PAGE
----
Kamehameha III: He Moʻolelo no ka Mōʻī Lokomaikaʻi
P. Christiaan Klieger
Softcover, 480 pp.
Kauikeaouli (1814-1854), Kamehameha III, was the Hawaiian kingdom's most misunderstood king--but also the longest ruling, the most beloved, and most defiant. It was Kamehameha III who transformed a feudal chiefdom into a constitutional state and steered it into the recognition of its independence among the great powers--the first in modern history. Although his father Kamehameha I unified the islands, it was the son who established a stable government and freed his people from bondage. Kauikeaouli was both a Jefferson and a Lincoln.
What is most remarkable is that the young king was most successful in effecting reform, despite a flood of scorn from the Calvinist missionaries who were guests in his country but did not approve his lifestyle. Kauikeaouli, for all his modernism, was a traditional Hawaiian king who thoroughly enjoyed strong drink, variegated sexual pursuits, hula, and games--all banned by the Boston Puritans but the king's right as a living god. The book begins with a theoretical grounding in current trends in historiography, Pacific Studies, Queer Theory, and anthropological interpretation, with careful attention to source materials.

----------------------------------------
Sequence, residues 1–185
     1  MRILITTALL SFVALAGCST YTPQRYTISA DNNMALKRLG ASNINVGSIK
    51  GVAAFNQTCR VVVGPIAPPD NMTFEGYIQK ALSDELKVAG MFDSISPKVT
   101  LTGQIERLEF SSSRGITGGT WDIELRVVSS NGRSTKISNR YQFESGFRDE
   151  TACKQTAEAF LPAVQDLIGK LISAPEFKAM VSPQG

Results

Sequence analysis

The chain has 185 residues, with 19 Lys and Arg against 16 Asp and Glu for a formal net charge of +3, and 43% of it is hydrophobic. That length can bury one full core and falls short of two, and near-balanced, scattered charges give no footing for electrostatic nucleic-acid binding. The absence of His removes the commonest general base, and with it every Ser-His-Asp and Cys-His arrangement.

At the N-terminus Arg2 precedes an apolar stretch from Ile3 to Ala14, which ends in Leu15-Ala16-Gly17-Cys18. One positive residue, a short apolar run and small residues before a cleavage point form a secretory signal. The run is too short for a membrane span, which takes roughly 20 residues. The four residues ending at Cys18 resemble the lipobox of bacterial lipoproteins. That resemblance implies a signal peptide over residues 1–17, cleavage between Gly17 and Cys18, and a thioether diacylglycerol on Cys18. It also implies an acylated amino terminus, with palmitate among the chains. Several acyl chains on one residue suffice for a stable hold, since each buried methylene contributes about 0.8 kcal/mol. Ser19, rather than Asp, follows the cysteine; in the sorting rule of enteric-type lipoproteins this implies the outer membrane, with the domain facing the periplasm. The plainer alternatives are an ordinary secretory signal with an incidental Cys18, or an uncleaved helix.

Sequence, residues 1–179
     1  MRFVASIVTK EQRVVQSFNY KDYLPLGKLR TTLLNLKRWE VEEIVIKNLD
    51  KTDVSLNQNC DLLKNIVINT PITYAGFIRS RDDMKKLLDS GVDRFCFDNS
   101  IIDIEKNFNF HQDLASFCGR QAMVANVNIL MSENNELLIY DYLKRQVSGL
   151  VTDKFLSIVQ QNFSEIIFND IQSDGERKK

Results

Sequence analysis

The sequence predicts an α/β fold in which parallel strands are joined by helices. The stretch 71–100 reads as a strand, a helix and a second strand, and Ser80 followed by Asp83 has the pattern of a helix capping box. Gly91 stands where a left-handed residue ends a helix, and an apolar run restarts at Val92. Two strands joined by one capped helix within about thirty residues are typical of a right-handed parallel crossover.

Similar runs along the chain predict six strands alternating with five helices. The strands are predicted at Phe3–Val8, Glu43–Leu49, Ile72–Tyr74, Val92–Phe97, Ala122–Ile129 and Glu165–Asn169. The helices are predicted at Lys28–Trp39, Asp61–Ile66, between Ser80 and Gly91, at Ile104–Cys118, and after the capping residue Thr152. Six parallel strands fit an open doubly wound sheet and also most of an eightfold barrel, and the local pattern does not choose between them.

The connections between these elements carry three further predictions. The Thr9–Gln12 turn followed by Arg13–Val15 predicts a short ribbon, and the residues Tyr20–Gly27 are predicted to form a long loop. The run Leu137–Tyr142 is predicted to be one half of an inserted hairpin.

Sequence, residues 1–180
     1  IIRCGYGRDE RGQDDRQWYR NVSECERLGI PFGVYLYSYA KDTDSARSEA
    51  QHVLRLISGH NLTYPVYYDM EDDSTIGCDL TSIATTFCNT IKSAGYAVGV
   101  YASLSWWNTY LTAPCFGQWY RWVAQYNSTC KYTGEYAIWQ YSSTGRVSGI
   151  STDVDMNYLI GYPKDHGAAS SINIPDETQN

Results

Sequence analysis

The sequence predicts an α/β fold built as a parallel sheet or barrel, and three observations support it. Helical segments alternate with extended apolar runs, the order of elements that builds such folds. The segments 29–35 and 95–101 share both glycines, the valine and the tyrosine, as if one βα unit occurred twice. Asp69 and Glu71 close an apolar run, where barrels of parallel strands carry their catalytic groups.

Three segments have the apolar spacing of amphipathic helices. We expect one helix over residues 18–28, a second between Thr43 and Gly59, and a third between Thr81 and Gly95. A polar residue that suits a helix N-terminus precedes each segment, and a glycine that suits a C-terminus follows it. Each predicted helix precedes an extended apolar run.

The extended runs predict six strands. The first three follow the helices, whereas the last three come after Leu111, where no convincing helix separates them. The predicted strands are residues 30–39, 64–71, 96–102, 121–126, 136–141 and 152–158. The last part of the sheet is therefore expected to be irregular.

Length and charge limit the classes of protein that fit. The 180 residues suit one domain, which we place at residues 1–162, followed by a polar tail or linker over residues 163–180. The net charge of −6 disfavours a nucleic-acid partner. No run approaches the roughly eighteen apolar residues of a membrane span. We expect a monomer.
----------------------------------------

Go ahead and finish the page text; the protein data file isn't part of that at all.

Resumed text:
The narrative begins with the unification of the islands under Kamehameha the Great, and that king's important marriages to the taboo women of the Maui royal family. It was necessary for Kamehameha, after conquering the islands, to seek legitimacy for his offspring. His three children by Queen Keōpūlani would provide this. His son Kauikeaouli would fulfill this obligation to rule at the death of his brother Kamehameha II in 1824. King Kamehameha III's primary mission was to keep his kingdom independent and recognized by Great Britain, France, and the United States, among many others. His life is a most astonishing story.
Book is 478 pages with over thirty illustrations. It is the first major biography of the king and is based on primary source material: missionary letters, sea captains' journals, newspapers, explorers' logs, accounts from foreign residents and mid-Victorian adventurers, archaeological analyses of the king's residences, and Native Hawaiian histories, both written and oral.